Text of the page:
[openstack-dev] [all][pbr] splitting our deployment vs install dependencies
robertc at robertcollins.net
Mon Apr 13 01:02:13 UTC 2015
On 13 April 2015 at 12:01, James Polley <jp at jamezpolley.com> wrote:
> That sounds, to me, very similar to a discussion we had a few weeks ago in
> the context of our stable branches.
> In that context, we have two competing requirements. One requirement is that
> our CI system wants a very tightly pinned requirements, as do downstream CI
> systems and deployers that want to test and deploy exact known-tested
> versions of things. On the other hand, downstream distributors (including OS
> packagers) need to balance OpenStack's version requirements with version
> requirements from all the other packages in their distribution; the tighter
> the requirements we list are, the harder it is for the requirements to work
> with the requirements of other packages in the distribution.
They are analogous yes.
>> rust gets it wright. There is a Cargo.toml and a Cargo.lock, which are
>> understood by the tooling in a manner similar to what you have
>> described, and it is not just understood but DOCUMENTED that an
>> _application_ should ship with a Cargo.lock and a _library_ should not.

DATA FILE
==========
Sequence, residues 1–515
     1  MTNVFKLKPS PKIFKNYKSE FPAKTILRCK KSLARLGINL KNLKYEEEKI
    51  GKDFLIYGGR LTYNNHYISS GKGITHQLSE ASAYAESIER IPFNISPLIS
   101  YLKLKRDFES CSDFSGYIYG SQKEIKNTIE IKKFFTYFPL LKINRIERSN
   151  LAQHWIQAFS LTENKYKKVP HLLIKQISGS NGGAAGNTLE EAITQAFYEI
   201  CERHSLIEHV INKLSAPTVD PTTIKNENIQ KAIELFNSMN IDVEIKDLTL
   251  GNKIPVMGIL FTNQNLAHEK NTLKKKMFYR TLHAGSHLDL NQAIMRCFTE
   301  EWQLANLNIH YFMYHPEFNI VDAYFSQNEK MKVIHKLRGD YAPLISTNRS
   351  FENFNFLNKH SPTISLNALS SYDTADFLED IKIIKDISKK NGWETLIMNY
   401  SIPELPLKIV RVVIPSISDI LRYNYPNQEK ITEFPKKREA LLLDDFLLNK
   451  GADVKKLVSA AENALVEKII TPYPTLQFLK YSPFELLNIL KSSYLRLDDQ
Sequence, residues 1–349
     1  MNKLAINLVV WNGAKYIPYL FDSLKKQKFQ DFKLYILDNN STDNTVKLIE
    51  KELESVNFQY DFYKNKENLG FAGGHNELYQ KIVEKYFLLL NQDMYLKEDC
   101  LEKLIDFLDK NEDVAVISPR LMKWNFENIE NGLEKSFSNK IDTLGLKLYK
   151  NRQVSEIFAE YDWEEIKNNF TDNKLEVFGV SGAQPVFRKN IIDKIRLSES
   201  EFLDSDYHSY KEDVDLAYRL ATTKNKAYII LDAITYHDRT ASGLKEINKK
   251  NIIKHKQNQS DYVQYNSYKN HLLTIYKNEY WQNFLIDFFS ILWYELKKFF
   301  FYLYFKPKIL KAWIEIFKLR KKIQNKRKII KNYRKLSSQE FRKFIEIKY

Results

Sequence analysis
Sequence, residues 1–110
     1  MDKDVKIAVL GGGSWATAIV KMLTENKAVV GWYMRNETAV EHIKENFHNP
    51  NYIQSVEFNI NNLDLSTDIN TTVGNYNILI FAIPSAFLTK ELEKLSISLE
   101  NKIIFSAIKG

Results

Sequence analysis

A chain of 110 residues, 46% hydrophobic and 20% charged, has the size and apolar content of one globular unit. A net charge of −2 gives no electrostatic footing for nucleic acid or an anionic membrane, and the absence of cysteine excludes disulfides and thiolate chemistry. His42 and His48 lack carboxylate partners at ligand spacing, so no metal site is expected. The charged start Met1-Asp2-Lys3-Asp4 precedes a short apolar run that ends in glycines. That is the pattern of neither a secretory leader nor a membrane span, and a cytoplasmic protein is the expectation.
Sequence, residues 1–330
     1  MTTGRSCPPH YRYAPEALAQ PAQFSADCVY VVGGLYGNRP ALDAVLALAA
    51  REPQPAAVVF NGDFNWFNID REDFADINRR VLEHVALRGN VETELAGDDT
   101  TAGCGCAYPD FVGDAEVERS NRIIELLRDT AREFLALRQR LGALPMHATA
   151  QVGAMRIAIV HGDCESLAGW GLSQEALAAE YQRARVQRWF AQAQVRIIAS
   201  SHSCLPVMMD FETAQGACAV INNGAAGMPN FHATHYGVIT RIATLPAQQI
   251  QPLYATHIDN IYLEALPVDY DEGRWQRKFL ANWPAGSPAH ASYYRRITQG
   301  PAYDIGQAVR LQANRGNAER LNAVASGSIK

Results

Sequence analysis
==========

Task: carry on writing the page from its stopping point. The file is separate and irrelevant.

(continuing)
> This sounds similar to a solution that was proposed for the stable branches:
> a requirements.in with mandatory version constraints while being as loose as
> otherwise possible, which is used to generate a requirements.txt which has
> the "local to deployment" exact versions that are used in our CI. The
> details of the proposal are in https://review.openstack.org/#/c/161047/
That proposal is still under discussion, and seems stuck between the
distro and -infra folk. *if* it ends up doing the transitive thing, I
think that that would make a sensible requirements.txt, yes. However
see the spec for that thread of discussion.
>> I'm also concerned that dstufft is actively wanting to move towards a
>> world where the build tooling is not needed or used as part of the
>> install pipeline (metadata 2.0) -- so I'm concerned that we're aligning
>> with a pattern that isn't very robust and isn't supported by tooling
>> directly and that we're going to need to change understood usage
>> patterns across a large developer based to chase something that _still_
>> isn't going to be "how people do it"
So wheels are already in that space. metadata-2.0 is about bringing
that declarative stuff forward in the pipeline, from binary packages
to source packages. I'm currently using frustration based development
to bring it in at the start - for developers, in the lead-in to source
So you're concerned - but about what specifically? What goes wrong
with wheels (not wheels with C code). Whats not robust about the
pattern? The cargo package manager you referred to is entirely
James: I don't think the binary distribution stuff is relevant to my
discussion, since I'm talking entirely about 'using-pip' use cases,
whereas dpkg and rpm packages don't use that at all.
Robert Collins <rbtcollins at hp.com>
HP Converged Cloud
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